I just love long non-fiction articles from magazines and newspapers. Some say that blogging has really killed this form of journalism off, but I happen to think that people are willing to read longer pieces as long as the content is interesting and well-written. In a world littered with microblogging via twitter and shortened attention spans, this service is really refreshing.
Longform is definitely going to become a daily visit for me. Here are some interesting picks from the site:
My friend Miguel Barbosa recently interviewed me (click for the interview). He’s interviewed plenty of people who are far superior than me, but feel free to check it out if you were wondering more about me.
Yesterday I posted, asking for any input on what to ask Michael Lewis at his talk that was given to my school today. Nobody had suggestions, so I just asked something I was genuinely curious about as a blogger. Below are answers to questions regarding football, finance, and his next book.
The talk focused mainly on his book The Blind Side because it is required reading for one of the freshmen introductory courses here — so really, the talk mainly focused on that. I would have liked it if some of the people asking questions ventured more towards finance, since that is what he has written about recently, but they didn’t. Since I was only the second person asking a question I lacked that hindsight.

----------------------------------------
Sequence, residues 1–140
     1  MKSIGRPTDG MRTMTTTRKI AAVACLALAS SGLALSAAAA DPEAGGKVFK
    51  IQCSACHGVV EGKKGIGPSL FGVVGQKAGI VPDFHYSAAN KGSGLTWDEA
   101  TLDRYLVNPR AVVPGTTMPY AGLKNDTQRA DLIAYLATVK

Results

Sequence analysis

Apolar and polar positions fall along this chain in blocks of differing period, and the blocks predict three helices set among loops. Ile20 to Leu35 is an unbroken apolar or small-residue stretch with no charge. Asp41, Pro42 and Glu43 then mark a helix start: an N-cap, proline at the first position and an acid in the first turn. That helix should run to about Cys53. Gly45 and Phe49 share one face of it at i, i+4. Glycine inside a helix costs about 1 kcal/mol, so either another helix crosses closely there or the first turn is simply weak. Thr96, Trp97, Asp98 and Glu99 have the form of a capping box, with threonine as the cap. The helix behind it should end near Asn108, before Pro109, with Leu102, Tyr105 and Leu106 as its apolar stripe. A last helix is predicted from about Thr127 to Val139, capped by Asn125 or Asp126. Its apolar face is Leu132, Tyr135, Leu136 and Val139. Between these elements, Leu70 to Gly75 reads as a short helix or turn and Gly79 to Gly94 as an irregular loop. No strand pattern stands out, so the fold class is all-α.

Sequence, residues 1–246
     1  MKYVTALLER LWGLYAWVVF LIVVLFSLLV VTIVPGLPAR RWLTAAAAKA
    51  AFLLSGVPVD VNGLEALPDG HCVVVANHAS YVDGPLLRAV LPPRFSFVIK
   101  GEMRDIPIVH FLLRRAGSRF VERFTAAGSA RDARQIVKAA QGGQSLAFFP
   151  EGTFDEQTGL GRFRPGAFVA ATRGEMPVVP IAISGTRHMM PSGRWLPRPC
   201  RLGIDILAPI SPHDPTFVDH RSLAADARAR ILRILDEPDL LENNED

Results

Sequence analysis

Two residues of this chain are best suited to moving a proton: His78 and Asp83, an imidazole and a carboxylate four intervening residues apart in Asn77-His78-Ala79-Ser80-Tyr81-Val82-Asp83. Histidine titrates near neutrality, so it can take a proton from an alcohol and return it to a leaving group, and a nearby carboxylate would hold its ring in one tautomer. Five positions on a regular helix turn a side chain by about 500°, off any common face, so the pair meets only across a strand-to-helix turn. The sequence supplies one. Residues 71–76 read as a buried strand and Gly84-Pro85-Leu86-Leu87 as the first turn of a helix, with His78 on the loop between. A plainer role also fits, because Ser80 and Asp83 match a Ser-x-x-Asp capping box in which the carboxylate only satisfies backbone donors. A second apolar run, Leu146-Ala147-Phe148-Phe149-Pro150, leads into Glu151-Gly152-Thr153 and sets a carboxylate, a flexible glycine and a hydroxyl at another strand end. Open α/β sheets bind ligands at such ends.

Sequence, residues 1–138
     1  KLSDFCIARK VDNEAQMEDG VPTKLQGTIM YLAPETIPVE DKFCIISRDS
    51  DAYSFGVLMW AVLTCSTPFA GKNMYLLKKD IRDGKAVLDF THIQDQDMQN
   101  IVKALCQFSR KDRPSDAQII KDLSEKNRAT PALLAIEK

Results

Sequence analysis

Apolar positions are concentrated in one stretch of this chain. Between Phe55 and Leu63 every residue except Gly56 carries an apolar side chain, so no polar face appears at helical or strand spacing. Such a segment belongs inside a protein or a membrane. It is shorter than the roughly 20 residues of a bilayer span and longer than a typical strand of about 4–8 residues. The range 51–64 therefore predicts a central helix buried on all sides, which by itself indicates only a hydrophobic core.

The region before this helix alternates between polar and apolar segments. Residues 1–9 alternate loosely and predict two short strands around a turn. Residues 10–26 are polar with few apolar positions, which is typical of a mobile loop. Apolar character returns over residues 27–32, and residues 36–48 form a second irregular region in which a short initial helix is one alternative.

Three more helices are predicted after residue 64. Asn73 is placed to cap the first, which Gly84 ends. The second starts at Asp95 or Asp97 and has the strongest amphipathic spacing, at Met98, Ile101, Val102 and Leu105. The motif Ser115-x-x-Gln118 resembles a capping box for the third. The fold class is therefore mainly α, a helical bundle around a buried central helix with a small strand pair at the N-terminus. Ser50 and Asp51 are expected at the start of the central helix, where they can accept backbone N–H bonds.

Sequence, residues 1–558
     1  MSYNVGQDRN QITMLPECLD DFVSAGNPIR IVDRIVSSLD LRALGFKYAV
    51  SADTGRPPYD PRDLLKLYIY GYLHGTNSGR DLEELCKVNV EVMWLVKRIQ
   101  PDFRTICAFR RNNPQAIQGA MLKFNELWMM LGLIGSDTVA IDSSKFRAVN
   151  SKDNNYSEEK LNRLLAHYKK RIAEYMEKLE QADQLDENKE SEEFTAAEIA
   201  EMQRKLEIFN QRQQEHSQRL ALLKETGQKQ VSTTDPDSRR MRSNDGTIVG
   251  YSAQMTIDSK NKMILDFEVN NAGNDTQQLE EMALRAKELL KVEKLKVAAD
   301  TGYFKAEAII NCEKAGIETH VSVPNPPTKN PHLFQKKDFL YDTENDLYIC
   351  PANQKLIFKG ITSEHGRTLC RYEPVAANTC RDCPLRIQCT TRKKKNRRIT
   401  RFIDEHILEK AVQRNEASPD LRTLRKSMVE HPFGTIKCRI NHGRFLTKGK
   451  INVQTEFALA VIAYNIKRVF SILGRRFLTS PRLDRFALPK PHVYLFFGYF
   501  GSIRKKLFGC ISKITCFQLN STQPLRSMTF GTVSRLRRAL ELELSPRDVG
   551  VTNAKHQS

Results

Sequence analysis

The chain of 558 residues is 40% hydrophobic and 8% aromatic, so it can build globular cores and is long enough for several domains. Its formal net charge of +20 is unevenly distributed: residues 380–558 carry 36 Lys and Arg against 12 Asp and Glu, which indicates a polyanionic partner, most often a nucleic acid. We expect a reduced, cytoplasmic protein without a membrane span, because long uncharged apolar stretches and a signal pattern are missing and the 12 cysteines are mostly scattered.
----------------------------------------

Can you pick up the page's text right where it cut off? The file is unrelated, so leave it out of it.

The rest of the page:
Here are some interesting questions though, a mix of sports and finance that I think readers may be interested in. All of the below is paraphrased by me, so don’t take these as exact quotations.
Q: What do you think could be improved upon in financial journalism? (My Question)
A: In the scheme of things, financial journalism is not really a big of a problem or some kind of machine that hurts the republic. Print journalism is largely fine. There is this backlash right now that’s asking where the journalists were during this crisis. The fact is, they were there, they were commenting on some of these issues — but people refused to listen (My guess is that this is a hint towards his book Panic, which if I understand correctly features articles that were written from the crisis’ inception and through out it).
I think that CNBC though, is bad. It breeds a kind of hysteria which is not healthy, especially for investors. But this problem really is not limited to CNBC, you saw it with political reporting on TV as well. That’s how TV is. It should be viewed as entertainment. So no, no real need for any big improvement in financial journalism.
Q: What do you think of moral hazard and its role in the crisis and finance?
A: Moral Hazard is important,its a really subtle force. I don’t think that a trader at Merrill Lynch was thinking that if he won big he would make a lot of money on a trade and if he loses the government will have to step in and bail them out. This problem though was not limited to banks her, it was every where — global. I think that the ideal risk taking environment is with partnerships. With partnership, the senior partners have much more of a stake in the livelihood of the business and as a result, they would not lever up 30-to-1 and take these exhorbant risks, or really be able to borrow so much.